According to the U.S. Copyright Office -- online at -- "There is no specific number of words, lines or notes that may safely be taken without permission. Acknowledging the source of the copyrighted material does not substitute for obtaining permission."

Hmm...I wonder if the Freep got permission from the U.S. Copyright Office for the quote?
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Monday, April 07, 2008

A Not So "Happy Meal"

The New Yorker savages my entry in their 139th Cartoon Caption Contest.

I thought my caption was a shoe-in for the top three this week:
"Dr Livingstone, I presume."
My biggest fear was that some other web-junkie would get to the site and submit it before I could.

However, it turns out that The New Yorker judges really weren't looking for "funny" in picking this week's "winners."

Maybe I'm REALLY bitter, but each one gets lamer as the list progresses:
  • "If he wasn't an internist he is now."
  • "Tasted kind of mediciney."
  • "I still have room for a second opinion."

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Sunday, April 06, 2008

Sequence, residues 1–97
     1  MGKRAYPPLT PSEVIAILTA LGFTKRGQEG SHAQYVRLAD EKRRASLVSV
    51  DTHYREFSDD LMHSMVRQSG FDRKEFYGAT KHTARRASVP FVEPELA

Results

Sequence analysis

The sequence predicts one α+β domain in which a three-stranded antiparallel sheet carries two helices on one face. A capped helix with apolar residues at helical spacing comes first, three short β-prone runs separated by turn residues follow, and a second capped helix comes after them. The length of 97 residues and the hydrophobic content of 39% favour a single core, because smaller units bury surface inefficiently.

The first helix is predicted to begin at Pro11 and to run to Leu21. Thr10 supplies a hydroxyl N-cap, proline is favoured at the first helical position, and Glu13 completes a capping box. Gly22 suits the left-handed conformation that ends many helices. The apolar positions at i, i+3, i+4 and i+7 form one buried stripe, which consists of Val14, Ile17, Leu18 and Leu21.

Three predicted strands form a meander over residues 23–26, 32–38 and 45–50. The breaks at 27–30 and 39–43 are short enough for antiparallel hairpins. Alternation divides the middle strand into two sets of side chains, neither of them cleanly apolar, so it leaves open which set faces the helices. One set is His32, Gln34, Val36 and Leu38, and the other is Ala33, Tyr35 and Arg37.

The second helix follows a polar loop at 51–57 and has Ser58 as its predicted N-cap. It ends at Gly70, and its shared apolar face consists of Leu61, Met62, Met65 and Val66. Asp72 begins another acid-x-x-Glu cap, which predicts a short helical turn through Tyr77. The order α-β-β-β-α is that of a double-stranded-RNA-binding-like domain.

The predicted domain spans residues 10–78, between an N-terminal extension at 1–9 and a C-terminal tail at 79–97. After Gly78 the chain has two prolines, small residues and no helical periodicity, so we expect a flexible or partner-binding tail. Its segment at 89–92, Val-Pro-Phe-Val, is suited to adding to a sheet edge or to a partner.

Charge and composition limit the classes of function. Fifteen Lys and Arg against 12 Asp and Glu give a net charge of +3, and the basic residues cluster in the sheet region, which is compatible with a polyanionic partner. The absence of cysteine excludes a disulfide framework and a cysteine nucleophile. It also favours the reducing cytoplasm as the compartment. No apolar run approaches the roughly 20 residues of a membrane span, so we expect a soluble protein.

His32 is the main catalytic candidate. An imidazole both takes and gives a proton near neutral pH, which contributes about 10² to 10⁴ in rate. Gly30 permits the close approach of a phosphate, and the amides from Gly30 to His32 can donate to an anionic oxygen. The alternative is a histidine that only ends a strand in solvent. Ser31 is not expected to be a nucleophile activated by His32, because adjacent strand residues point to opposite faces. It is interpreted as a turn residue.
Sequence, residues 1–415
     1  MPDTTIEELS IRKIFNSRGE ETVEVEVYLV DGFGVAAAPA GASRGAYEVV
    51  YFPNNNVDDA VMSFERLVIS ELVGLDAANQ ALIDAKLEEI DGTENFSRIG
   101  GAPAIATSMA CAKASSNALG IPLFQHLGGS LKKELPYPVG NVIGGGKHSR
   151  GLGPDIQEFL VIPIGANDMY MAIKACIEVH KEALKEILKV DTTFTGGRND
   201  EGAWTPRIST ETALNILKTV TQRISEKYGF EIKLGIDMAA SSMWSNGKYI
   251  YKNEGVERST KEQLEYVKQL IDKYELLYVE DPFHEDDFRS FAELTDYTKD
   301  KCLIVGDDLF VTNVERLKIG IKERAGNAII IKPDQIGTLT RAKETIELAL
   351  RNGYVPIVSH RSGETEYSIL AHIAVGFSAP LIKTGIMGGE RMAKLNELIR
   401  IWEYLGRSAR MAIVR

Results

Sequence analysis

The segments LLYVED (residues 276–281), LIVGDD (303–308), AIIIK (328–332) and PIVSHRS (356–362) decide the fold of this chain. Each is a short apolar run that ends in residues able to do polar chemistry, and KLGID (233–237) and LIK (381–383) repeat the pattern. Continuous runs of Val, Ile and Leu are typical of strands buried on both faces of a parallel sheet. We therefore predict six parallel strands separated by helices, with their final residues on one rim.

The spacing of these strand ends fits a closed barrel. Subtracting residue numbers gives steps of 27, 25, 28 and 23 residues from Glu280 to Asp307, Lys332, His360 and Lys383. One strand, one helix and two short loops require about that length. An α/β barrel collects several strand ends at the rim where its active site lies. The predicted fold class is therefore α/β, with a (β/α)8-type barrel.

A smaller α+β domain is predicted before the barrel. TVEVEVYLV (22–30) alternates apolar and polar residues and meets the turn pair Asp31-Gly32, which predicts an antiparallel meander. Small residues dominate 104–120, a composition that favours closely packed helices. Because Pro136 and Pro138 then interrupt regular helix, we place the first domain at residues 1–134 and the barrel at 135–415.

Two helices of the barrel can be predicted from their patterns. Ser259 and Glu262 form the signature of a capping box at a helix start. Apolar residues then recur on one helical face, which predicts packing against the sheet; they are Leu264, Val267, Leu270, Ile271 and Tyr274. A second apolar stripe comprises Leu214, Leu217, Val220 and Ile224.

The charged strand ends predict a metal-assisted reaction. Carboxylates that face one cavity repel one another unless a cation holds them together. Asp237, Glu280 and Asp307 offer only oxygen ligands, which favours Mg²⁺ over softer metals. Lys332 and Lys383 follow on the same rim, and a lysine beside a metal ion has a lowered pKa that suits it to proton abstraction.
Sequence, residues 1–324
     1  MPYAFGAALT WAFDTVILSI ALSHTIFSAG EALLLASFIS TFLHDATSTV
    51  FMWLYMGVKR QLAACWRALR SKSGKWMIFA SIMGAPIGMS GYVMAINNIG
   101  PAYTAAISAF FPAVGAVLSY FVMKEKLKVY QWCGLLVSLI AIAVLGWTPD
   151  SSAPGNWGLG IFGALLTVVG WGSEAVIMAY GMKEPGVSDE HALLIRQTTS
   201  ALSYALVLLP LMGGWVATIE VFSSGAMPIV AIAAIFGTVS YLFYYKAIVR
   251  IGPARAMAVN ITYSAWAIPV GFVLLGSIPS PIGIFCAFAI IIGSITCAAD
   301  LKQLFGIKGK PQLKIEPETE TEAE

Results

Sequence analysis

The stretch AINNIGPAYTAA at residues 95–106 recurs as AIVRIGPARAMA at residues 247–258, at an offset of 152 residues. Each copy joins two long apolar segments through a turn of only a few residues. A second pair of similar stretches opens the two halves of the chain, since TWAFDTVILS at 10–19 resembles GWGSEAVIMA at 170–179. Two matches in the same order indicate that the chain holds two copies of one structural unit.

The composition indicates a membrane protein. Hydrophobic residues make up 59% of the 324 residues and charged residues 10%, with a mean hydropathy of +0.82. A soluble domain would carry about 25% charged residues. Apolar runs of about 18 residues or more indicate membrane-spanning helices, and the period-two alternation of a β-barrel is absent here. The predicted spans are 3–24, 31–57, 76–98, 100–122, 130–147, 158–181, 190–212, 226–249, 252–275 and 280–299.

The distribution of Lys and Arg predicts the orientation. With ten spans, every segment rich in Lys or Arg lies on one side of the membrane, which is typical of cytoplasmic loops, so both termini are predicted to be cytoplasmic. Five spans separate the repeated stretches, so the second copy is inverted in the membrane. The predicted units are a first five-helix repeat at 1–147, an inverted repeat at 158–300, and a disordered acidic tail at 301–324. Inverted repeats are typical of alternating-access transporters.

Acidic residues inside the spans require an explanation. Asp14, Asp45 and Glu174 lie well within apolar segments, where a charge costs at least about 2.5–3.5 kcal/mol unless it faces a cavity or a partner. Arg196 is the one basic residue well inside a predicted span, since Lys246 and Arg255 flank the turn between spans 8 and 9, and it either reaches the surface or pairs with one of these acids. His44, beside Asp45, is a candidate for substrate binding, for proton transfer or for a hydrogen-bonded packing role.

Happy Birthday DH

From Wikipedia:

On April 6, 1973, Ron Blomberg of the New York Yankees became the first designated hitter in Major League Baseball history, facing Boston Red Sox right-handed pitcher Luis Tiant in his first plate appearance. "Boomer" Blomberg was walked.

Naturally, the result of the first season of the DH was that the American League posted a higher batting average than the National League, something which has remained consistent to this day.

...and now you know the REST of the story.
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Heston Noir

Fuck George Clooney.

I know I shouldn't admit it, but his lame attempt at humor when stating that Charlton Heston had been absent-mindedly repeating the announcement of his Alzheimer's diagnosis has prevented me from appreciating any Clooney movie since.

I realize it was Heston's later conservative politics, especially his advocacy of gun rights as President of the NRA (a cynical PR move on that organization's part) which drew the ire of the new Hollywood stars. Many who seem to forget that Heston marched with Martin Luther King, Jr. too.

That said and for what it's worth, as a gun rights supporter, I cringed whenever I saw the elder Heston stumping for the cause. Sure, Michael Moore is a shameless self-promoter (and all around shit). But Heston took a bit too long to figure out that HE was the butt of a joke at the end of Bowling for Columbine.

Much has been written about Heston playing "larger than life" characters. Moses and Ben Hur of course. He also saved scores from disaster in Airport '75 and Earthquake. Even his role in The Omega Man has a Christ-like feel to it.